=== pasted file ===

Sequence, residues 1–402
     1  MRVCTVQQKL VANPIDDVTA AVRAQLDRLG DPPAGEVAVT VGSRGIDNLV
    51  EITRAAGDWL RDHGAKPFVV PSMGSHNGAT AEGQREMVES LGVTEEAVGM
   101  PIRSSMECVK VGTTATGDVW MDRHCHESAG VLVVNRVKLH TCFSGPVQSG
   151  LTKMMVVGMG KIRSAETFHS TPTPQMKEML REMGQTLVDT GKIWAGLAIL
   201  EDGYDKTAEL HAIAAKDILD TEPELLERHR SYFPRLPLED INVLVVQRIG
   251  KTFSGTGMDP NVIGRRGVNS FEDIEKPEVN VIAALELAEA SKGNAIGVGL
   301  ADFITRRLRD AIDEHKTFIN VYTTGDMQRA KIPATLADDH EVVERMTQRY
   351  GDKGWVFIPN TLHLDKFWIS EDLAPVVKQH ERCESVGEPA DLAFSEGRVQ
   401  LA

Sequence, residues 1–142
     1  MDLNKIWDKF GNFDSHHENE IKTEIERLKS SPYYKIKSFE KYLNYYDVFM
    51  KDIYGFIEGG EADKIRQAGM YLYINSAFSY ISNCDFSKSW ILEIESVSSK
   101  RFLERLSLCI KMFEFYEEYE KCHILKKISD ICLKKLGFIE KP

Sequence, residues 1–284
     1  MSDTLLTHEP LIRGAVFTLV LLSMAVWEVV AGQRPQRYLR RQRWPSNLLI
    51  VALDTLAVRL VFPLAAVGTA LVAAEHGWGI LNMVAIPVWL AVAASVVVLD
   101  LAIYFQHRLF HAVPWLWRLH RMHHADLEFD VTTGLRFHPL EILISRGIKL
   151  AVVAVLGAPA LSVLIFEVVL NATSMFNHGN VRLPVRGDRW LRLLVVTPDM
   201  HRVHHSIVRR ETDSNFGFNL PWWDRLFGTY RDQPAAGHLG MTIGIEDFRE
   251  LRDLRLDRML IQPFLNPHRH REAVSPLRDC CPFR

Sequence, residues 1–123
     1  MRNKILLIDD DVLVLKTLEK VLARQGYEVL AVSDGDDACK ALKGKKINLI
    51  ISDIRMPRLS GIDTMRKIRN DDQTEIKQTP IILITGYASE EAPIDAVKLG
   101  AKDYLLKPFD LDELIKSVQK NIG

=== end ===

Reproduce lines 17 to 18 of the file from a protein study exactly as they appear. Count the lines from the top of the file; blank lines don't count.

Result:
    51  VALDTLAVRL VFPLAAVGTA LVAAEHGWGI LNMVAIPVWL AVAASVVVLD
   101  LAIYFQHRLF HAVPWLWRLH RMHHADLEFD VTTGLRFHPL EILISRGIKL